BOSTON (AP) -- New England's top fishing regulator said Friday that crippling cuts in catch limits this year are unavoidable and they will devastate what remains of the region's once-flourishing fishing industry.
On Friday, John Bullard, head of the National Oceanic and Atmospheric Administration's Northeast office, said key fish populations are so weak, "draconian" cuts in catch are needed.
"The cuts will have devastating impacts on the fleet, and on families, and on ports," he told The Associated Press in an interview.
"That reality is here and we have to face it," Bullard said.
Officials are set to meet next week to decide catch limits for fishermen who chase bottom-dwelling groundfish, such as cod and haddock. A key New England Fishery Management Council committee has already recommended massive cuts that fishermen have repeatedly warned will destroy the industry.
The centuries-old groundfish industry, which pulled in about $90 million in 2011, was a critical part of the nation's early economy, and is so revered locally that a wooden cod replica hangs in the House chamber of the Massachusetts Statehouse.
Bullard's statements Friday follow years of battles between the industry, environmentalists and regulators over increasingly tough fishing rules, and months of effort to find some way to avoid catastrophic reductions.
But a new assessment of New England cod stocks, released this month, combined with a low catch this year is more evidence of their poor condition, Bullard said. Tough cuts are mandatory if fish populations are ever going to rebound, he said.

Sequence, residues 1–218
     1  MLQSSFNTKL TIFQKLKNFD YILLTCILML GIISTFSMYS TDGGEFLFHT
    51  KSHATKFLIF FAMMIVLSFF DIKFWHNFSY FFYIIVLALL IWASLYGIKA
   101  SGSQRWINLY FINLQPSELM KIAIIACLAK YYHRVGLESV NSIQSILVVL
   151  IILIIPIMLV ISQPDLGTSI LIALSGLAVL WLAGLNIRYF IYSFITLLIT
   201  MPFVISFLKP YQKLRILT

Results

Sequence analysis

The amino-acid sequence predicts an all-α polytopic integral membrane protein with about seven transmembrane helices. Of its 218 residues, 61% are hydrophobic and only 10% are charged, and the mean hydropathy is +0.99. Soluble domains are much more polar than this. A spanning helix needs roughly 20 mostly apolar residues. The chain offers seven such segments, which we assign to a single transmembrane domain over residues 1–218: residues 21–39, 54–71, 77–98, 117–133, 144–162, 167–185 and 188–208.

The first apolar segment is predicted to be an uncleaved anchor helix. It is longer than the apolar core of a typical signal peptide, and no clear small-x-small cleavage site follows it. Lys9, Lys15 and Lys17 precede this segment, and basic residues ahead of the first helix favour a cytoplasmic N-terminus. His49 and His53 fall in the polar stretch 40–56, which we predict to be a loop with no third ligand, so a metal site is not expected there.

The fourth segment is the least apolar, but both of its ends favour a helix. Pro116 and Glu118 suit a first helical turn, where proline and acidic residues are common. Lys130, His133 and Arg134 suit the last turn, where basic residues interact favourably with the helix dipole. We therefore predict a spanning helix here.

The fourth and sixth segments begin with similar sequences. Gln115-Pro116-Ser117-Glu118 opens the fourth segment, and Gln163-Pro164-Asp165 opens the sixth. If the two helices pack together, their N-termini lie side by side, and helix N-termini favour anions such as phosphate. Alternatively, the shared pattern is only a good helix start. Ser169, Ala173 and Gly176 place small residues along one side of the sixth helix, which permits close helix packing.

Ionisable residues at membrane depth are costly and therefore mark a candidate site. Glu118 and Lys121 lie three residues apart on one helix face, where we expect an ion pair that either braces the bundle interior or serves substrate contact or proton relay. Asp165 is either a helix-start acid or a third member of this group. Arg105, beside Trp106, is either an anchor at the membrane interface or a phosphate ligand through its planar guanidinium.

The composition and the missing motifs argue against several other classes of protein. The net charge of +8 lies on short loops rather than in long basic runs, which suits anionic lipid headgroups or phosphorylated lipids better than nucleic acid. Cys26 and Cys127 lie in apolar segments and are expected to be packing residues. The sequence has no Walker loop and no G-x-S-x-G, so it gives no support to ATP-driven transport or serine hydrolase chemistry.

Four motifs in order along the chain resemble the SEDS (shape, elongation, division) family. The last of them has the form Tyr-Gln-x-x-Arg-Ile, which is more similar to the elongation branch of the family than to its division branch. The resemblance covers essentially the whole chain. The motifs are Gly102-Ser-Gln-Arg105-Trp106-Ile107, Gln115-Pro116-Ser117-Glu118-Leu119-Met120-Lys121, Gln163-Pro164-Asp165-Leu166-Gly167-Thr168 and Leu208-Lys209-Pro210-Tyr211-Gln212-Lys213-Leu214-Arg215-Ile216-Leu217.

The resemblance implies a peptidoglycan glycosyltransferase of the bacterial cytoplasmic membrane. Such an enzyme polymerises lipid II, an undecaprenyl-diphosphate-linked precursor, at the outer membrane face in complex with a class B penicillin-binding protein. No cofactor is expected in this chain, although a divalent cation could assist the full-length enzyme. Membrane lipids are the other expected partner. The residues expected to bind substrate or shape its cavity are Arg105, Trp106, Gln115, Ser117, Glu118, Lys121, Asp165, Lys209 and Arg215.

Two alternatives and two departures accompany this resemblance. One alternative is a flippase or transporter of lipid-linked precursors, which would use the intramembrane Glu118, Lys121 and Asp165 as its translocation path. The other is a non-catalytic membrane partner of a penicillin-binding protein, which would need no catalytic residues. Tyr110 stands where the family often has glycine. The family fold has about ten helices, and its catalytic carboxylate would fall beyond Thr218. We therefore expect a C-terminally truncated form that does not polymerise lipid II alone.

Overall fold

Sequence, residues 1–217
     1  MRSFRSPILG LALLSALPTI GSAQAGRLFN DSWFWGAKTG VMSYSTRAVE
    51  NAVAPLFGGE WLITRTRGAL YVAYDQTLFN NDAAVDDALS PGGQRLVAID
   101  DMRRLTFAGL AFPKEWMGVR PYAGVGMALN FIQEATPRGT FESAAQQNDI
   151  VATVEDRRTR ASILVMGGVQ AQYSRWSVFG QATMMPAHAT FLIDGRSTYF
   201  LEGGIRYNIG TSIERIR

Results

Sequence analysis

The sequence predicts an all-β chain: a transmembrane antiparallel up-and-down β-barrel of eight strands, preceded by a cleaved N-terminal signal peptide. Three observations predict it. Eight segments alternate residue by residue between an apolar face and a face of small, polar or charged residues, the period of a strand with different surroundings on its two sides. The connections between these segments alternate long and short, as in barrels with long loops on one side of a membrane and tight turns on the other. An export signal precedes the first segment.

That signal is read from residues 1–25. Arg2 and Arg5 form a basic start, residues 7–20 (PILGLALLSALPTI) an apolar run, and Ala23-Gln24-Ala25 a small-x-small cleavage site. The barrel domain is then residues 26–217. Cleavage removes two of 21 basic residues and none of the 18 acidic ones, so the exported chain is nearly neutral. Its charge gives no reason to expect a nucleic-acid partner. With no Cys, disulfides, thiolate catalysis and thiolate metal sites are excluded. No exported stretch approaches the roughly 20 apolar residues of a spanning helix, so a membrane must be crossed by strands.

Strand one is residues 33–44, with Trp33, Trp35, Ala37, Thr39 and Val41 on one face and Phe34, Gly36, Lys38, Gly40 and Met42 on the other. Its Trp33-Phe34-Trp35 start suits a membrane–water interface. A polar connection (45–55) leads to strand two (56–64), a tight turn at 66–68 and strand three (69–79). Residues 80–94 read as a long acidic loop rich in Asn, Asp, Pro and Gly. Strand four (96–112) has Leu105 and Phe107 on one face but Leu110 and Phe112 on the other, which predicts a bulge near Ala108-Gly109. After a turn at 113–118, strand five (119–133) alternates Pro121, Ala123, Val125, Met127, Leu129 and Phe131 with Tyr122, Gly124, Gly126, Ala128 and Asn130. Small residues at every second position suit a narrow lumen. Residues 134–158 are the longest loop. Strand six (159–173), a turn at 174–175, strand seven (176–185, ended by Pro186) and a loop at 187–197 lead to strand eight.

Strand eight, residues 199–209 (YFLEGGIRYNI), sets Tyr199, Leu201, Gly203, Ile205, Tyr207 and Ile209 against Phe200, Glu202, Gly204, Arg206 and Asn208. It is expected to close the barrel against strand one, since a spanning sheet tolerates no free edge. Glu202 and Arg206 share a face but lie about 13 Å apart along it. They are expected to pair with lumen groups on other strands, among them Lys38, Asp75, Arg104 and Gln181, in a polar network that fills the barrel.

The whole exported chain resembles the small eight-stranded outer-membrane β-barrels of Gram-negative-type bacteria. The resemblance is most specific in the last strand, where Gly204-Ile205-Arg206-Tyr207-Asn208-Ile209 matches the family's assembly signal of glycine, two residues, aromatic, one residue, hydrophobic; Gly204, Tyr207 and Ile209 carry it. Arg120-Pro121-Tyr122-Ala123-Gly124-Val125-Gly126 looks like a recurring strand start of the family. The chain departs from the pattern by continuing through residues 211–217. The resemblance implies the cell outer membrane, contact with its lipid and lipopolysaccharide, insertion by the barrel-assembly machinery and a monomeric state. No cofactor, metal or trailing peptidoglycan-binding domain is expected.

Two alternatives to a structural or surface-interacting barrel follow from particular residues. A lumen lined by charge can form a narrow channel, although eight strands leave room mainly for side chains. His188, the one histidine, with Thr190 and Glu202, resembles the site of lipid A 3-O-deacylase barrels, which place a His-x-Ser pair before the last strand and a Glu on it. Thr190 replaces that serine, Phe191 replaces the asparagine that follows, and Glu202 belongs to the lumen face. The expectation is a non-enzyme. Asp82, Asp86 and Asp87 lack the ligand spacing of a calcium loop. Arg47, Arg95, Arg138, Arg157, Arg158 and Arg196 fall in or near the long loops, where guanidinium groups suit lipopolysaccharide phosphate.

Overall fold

"Yes, stocks can get rebuilt, but they don't get rebuilt on dreams, they get rebuilt on difficult decisions that get made," he said. "So that's what has to happen with New England groundfish."
Fishermen have long disputed the accuracy of fishery science that drives regulation, pointing to numerous examples of bad estimates. They also say they've been squeezed by arbitrary and unneeded rules pushed to promote conservation. Environmentalists counter that regulators have too often caved to the industry, allowing overfishing that hurts stocks.
Bullard said failures by fishery managers are ultimately to blame for weak stocks that haven't rebounded.
"We set the rules and clearly the rules have failed," he said. "There's no other conclusion."
The fishery council's science committee is recommending catch reductions of 81 percent for cod in the Gulf of Maine, to 1,249 metric tons, and 61 percent for cod in Georges Banks, to 2,506 metric tons. As recently as 2003, fishermen caught about 8,000 metric tons of Gulf of Maine cod and about 12,000 metric tons of cod in Georges Bank.
New Hampshire fishermen Dave Goethel, a council member, said the recommend catch limits aren't "even remotely enough fish to make any of these boats viable businesses."
"We're not talking about, 'Oh yeah, we're going to have a tough year next year,'" Goethel said this earlier week. "We're talking about, you know, that's it.'"
Bullard said he thinks the groundfish industry will ultimately continue in some form, as fishermen seek alternatives to stay in business for now. Some fishermen have already turned to other commercial seafood, such as monkfish or lobster, and Bullard predicts people will hang on until the groundfish get healthy.
The upheaval will be painful, but it's no different from what other industries face, he said.
"A plant shuts down. A person who's worked there for 30 years all of the sudden goes to the factory door and it's closed," Bullard said. "You learn a new trade and you adapt. ... People adapt and they survive."
Goethel said the bulk of his assets and decades of his life are tied up in fishing. At age 59, whatever's ahead for the industry, he has to ride it out.
"Fishermen are eternal optimists. Every day I go to sea I'm going to have the best day I ever had in my life," he said. "So, yeah, I'm always optimistic that somehow, some way I haven't figured out how yet, we'll find a way out of this mess."